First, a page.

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Burnham v. Superior Court
United States Supreme Court
495 U.S. 604 (1990)
Dennis Burnham (plaintiff) and Francie Burnham were married from 1976 until July 1987, at which point they decided to separate. At that time, they were living in New Jersey with their two children. They agreed to divorce on the grounds of irreconcilable differences and that Francie would move to California, where she would have custody of both children. She moved to California, and in October 1987, Dennis filed for divorce in the state of New Jersey on the grounds of desertion, but never attempted to serve her. In January 1988, while in California for business and to visit his children, Dennis was served with a California court summons and Francie’s divorce petition. Subsequently, he returned to New Jersey. Later that year, Dennis filed a motion to quash on the basis that it was a violation of the Due Process Clause of the Fourteenth Amendment for California to assert jurisdiction over him, because he lacked the minimum contacts necessary for personal jurisdiction. The superior court denied the motion, and the California Court of Appeal denied mandamus relief, holding that it was enough that Dennis was present in the forum and personally served with process. Dennis appealed, and the United States Supreme Court granted certiorari.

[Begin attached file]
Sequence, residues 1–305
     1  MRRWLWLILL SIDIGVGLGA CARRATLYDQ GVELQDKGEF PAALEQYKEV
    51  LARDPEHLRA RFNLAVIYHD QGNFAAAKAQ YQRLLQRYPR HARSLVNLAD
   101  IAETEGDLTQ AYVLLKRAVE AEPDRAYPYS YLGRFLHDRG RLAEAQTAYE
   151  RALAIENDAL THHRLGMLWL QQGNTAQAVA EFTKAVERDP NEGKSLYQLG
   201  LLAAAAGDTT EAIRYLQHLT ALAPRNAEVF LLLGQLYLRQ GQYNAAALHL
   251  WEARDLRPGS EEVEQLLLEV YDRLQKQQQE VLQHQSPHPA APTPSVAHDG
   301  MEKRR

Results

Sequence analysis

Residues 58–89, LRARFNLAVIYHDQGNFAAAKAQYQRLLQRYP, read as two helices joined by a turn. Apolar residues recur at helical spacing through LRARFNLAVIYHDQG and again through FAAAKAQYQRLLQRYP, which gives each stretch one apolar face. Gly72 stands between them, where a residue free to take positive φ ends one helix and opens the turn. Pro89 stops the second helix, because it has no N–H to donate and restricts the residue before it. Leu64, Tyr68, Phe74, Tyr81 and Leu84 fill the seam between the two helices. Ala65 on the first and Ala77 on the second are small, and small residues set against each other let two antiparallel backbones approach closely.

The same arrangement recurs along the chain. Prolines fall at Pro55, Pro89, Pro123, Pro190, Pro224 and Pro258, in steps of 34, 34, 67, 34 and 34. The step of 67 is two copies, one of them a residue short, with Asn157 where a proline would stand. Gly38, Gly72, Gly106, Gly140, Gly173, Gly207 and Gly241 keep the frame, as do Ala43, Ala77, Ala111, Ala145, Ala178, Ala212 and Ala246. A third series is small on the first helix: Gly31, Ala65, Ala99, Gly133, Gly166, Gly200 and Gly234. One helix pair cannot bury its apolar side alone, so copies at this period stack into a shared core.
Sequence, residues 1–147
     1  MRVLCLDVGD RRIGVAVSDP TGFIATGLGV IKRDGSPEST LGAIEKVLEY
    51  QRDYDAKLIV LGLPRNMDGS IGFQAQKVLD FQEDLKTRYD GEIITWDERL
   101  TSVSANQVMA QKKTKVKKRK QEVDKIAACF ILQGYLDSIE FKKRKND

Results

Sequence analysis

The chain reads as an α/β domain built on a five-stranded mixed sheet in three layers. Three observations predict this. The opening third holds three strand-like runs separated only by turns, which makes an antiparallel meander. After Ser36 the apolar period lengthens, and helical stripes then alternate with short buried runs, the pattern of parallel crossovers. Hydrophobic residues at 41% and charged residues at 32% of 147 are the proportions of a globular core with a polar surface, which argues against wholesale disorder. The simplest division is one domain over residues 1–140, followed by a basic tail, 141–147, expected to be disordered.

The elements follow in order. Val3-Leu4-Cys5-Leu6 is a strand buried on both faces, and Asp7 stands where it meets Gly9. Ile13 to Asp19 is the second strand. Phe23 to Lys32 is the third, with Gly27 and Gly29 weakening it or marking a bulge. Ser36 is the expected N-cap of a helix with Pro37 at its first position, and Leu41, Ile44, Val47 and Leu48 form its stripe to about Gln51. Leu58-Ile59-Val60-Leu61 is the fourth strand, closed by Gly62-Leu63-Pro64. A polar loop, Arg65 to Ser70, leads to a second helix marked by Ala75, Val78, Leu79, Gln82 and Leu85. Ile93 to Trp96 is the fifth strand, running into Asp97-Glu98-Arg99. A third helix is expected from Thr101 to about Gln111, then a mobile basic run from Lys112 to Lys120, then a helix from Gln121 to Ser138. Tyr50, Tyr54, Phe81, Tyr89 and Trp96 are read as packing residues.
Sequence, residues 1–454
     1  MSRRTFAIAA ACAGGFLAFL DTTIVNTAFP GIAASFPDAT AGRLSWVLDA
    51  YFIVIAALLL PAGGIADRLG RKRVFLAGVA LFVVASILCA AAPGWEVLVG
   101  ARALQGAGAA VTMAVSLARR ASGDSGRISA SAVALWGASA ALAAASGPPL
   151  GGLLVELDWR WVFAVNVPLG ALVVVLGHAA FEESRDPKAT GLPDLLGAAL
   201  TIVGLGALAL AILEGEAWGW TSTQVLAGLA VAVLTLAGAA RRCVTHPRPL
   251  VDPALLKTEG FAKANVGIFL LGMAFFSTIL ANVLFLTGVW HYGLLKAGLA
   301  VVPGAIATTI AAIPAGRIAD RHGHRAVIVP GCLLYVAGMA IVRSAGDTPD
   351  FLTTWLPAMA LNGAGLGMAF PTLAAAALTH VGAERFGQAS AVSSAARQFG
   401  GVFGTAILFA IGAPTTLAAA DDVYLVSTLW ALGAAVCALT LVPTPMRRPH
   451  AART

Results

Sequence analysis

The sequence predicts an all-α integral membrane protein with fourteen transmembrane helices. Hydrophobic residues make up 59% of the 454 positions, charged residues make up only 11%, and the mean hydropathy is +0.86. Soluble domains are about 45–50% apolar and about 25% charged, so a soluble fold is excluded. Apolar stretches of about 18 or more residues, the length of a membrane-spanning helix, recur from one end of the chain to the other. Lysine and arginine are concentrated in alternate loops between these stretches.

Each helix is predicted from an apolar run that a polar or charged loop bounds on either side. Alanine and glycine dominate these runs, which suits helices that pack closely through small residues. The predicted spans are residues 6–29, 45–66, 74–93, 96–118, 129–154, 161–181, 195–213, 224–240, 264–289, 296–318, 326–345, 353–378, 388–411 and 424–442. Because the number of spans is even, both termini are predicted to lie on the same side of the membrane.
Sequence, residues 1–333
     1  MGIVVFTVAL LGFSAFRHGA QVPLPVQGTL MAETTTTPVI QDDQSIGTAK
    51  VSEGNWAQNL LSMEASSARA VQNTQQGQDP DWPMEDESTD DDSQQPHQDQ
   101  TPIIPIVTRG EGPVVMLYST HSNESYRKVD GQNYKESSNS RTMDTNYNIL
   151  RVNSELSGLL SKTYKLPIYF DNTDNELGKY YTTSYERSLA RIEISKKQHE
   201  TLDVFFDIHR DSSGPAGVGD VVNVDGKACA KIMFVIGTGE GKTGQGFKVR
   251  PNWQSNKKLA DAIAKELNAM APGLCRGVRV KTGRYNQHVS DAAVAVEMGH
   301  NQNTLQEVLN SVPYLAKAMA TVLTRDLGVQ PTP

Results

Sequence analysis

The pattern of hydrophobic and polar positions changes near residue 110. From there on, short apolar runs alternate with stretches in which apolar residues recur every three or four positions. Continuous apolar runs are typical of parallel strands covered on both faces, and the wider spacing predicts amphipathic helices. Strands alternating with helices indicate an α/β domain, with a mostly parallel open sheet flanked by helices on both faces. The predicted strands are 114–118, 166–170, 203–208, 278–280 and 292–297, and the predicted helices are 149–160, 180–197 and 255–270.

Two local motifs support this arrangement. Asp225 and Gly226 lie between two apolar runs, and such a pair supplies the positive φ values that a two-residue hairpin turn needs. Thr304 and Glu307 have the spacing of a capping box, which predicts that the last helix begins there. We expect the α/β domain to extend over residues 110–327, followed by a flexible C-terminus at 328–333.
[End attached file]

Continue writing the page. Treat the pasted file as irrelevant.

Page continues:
Rule of Law
Holding and Reasoning (Scalia, J.)
Concurrence (White, J.)
Concurrence (Brennan, J.)
Concurrence (Stevens, J.)
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